In case you  want to hear what the uninitiated may hazard  about the subject :): As an outsider to jazz, when trying to learn more about writing for the big band while recently working on my Mi Bolero-Chá, I had a glimpse of the harmonic world of jazz. I remember having found this resource

http://www.timusic.net/debreved/jazz-melody-and-voicing-part-2/

for instance, among the helpful and smooth introduction to this world. Once somewhat exposed (even elementarily like myself) one can see/intuit how mentally seductive that endeavor of (re)-harmonization can be.

 https://www.youtube.com/watch?v=l-pwTkgRE-M&list=PL613D1A6B3C4BBDF2&index=30&t=0s
https://www.youtube.com/watch?v=5GMNzLUhbdk

Looking at such examples one can't help thinking the reharmonizations are sophisticated  clockworks. I tend to think, probably wrongly as the outsider I am, each jazz standard provides sort of an olympic category where every arranger can try to run his best time and thus challenge the medalists in that category.

Jerry Engelbach

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Re: Reharmonization
« Reply #6 on: March 24, 2020, 11:29:26 AM »
I tend to think, probably wrongly as the outsider I am, each jazz standard provides sort of an olympic category where every arranger can try to run his best time and thus challenge the medalists in that category.
Reha,
 
I don't think you're wrong, as (IMO) there are reharms out there that seem to lessen rather than improve the originals.
 
However, some reharms have become as famous as the originals. Bill Evans reharmed a huge number of tunes, which have replaced the originals in many cases.
 
Bill had a way of finding the strongest, most vividly colorful progressions for tunes, and these were adopted by many jazz musicians as THE way to play them.
 
Cheers,
Jer
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saltamontes

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Re: Reharmonization
« Reply #7 on: March 25, 2020, 12:30:37 AM »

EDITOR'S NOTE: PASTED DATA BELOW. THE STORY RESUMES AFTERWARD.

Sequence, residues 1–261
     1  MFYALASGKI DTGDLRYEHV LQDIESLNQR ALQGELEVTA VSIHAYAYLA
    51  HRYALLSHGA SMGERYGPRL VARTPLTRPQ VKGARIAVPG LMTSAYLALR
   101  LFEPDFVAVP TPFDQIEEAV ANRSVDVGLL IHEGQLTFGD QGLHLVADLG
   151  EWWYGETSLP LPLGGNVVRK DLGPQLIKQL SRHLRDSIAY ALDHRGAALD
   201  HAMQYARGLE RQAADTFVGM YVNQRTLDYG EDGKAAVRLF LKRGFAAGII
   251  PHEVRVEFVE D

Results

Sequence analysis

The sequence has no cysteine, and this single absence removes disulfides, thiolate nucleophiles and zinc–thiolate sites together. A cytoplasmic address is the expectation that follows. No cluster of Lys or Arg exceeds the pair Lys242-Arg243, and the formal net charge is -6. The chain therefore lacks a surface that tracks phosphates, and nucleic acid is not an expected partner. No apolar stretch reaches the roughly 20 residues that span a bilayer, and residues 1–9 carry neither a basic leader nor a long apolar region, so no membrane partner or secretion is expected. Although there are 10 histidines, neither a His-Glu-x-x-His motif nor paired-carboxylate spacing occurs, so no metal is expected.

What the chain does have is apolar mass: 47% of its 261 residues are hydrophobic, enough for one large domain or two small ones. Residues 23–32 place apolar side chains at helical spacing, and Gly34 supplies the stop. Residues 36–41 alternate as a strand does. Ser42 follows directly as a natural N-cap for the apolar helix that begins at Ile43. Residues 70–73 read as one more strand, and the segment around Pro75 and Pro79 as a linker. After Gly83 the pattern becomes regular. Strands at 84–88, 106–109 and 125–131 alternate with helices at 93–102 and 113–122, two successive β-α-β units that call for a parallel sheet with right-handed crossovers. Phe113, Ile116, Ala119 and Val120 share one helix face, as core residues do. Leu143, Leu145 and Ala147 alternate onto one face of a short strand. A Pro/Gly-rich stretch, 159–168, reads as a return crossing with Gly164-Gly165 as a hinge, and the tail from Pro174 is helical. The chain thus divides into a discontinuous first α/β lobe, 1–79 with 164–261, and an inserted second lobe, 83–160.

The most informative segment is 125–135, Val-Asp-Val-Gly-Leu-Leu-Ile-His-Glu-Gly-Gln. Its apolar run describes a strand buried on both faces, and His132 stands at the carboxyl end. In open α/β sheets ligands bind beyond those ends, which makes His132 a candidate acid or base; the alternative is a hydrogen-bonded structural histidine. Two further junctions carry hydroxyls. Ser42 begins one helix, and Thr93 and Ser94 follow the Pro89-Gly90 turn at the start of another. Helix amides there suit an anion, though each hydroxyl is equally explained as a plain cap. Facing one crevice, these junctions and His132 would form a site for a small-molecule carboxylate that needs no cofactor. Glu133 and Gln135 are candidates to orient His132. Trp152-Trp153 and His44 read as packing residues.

Reharmonization is not just in jazz.  Classical music is replete with reharmonizations, i.e. works of Bartók, Copland, Beethoven, Mozart, Enescu, Ives, and many more are reharmonizations of traditional folk songs.  Reharmonization is a form of composition.  Many contemporary songs are in essence reharmonizations of previous compositions.  The beautiful Jobim "Insensatez" is closely adapted from Chopin's Prelude 28 opus#4, the motif of Dan Fogelberg's "Old Lang Zine" is, by his on admission, straight from 1812 Overture, and countless other examples.  These do not distract from the original compositions, rather they are interpretations.  Joni's oeuvre was heavily influenced by jazz, her use of modal harmonies, slash chords, quartal structures, etc. in the early 1960s  reflected the explosion of modal jazz at that time spirited by Miles Davis, Bill Evans, Mingus, and other jazz giants.  Indeed, she collaborated with Mingus producing an album by that name.  As I write this, I am listening to Herbie Han****'s poignant, cryptic reharmonization of Joni's "Both Sides Now" from the CD "The Joni Letters," a jazz masterpiece.  Peace.....
Hold gently the hearts of those you love. For once they are gone, you will shed a thousand tears for each one you caused and the memory of each callous moment will be your companion.   Saltamontes

saltamontes

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Re: Reharmonization
« Reply #8 on: March 25, 2020, 12:41:33 AM »
Geez.... I see from my post Herbie's last name has been censored.  For the love of Pete..... 
Hold gently the hearts of those you love. For once they are gone, you will shed a thousand tears for each one you caused and the memory of each callous moment will be your companion.   Saltamontes

SallyS

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Re: Reharmonization
« Reply #9 on: March 25, 2020, 12:06:55 PM »